2.2. Bleaching assaysTOP

The parameters used in the bleaching process, such as time, temperature and amount of adsorbent, depend on the oil type and adsorbent characteristics. The optimum temperature range for the bleaching of traditional vegetable oil reported by Shahidi (2005) was from 85 to 110 °C. The bleaching assays were performed using 30 g of degummed (physical refining) or neutralized oil (chemical refining). The oil samples were heated at temperatures of 80, 95 or 110 °C, under constant stirring (40 rpm) and vacuum. Afterward, 1% (w/w) of activated earth was added in each assay, and the bleaching was performed for 20 min (Pohndorf et al., 2016a). The adsorbent was separated from the rice oil at 60 °C by filtration in a vacuum, with a pre-coat of diatomaceous earth, for 15 min. The experimental assays were performed in triplicate.

2.3. Oils quality analyses TOP

The oxidative quality of the oil was determined in terms of free fatty acids (FFA), peroxide value (PV) and anisidine value (AnV) according to the methods: Ca 5a-40, Cd 8-53 and Cd 18-90 (AOCS, 2017), respectively. The oil color was determined according to the method Cc 13e-92 (AOAC, 2017) using a Lovibond Tintometer (Lovibond Color STALER Tintometer, model F, UK), with a 51/4” cell, by varying the yellow (Y) and red (R) colors and fixing the blue (B) color at unit zero. All analyses were carried out in triplicate. The total oxidation value (TOTOX value) was determined according to Equation 1:

where PV is the peroxide value (meq kg-1) and AnV is the anisidine value.

The chlorophyll content was obtained through the absorbance, performed in triplicate, according to Sabah (2007), in Equation 2:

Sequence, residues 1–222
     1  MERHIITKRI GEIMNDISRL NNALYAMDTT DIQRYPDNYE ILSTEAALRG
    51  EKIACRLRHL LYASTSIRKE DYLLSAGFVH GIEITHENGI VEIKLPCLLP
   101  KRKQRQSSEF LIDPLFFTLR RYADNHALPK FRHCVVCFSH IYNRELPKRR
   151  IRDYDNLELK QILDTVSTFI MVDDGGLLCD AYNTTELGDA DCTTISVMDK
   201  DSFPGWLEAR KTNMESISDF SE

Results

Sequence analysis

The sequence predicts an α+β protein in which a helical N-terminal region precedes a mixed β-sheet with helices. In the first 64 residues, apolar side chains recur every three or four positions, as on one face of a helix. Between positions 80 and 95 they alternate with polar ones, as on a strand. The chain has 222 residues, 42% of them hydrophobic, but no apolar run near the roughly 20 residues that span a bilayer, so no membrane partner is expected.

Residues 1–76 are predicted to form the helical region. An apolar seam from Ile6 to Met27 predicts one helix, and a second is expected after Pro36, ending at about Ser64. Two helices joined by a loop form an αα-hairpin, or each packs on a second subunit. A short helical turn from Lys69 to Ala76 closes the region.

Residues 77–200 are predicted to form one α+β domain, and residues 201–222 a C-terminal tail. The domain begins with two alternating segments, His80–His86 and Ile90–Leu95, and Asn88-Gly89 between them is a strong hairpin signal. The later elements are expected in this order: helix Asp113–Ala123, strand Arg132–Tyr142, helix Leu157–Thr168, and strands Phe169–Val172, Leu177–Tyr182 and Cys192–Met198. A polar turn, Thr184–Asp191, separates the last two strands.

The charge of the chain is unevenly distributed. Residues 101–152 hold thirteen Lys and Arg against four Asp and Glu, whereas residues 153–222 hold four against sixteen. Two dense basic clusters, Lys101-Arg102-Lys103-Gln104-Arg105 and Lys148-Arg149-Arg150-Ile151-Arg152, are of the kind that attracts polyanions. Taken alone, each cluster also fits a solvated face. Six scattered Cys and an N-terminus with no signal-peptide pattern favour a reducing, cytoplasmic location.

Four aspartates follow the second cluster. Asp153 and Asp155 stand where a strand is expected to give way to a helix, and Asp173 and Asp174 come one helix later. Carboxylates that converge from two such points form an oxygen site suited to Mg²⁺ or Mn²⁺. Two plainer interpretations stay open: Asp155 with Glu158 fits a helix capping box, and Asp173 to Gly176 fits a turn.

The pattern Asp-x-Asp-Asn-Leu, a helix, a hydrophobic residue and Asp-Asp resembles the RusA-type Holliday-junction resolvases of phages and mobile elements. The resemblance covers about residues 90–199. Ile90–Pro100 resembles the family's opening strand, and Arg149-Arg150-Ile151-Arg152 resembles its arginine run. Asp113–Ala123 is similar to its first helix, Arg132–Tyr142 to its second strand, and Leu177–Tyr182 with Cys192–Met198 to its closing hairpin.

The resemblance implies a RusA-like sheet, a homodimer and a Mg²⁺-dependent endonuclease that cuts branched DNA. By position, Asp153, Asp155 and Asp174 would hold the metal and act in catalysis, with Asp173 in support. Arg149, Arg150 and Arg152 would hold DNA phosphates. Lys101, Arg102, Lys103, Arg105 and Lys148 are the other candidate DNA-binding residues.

where Cl is the chlorophyll content (mgpheophytin-a kg-1oil), A710, A670 and A630 are the absorbance wavelengths, respectively, of 670, 630 and 710 (nm), V is the volume of hexane (mL), L the length of the cuvette (cm) and, M is the mass of the oil sample (g).

2.4. Quantification of bioactive compounds TOP

The γ-oryzanol content was determined according to Bucci et al., (2003). The oil samples were diluted in isopropyl alcohol and read in a spectrophotometer at wavelengths of 327 nm, in triplicate, according to Equations 3 and 4:

where CGO is the γ-oryzanol content in the oil solution (goryzanol L-1), A327 is the absorbance at 327 nm, e is the specific extinction coefficient (L goryzanol cm-1), which is 33.82 L·g-1·cm-1 (in isopropyl alcohol solvent), TGOE-UV is the γ-oryzanol content (%m m-1) and CDIL is the oil concentration in the diluted solution (g·L-1).

The carotenoid content in the rice oil was determined by the spectrometric method, taking readings of the oil diluted in hexane (10% m·v-1) at 446 nm, in tripicate, according to Equation 5 (Mustapa et al., 2011):

where C is the carotenoid content (mg kg-1), A446 is the absorbance at 446 nm, L is the length of the cuvette (cm), c is the oil concentration in hexane (g·100 mL-1) and 383 is the extinction coefficient for carotenoids.

2.5. Identification of functional groups TOP

The identification of functional groups of the degummed, neutralized and bleached oils at the best temperature was analyzed by Fourier transform infrared spectroscopy with attenuated total reflectance (FT-IR-ATR) (Prestige 21, 210045, Japan). The spectra were recorded in the 4.000–600 cm–1 region, with a resolution of 4 cm–1.

2.6. Thermal analyses TOP

The melting curves of the neutralized, degummed and bleached oils (at the best temperature) were analyzed by differential scanning calorimetry (DSC). The melting point was obtained by DSC (Shimadzu, DSC-60, Japan) equipped with a liquid nitrogen cooling system. Samples (5 mg) were hermetically sealed in aluminum pans and cooled to -50 °C and then heated to 60 °C at a rate of 10 °C·min-1.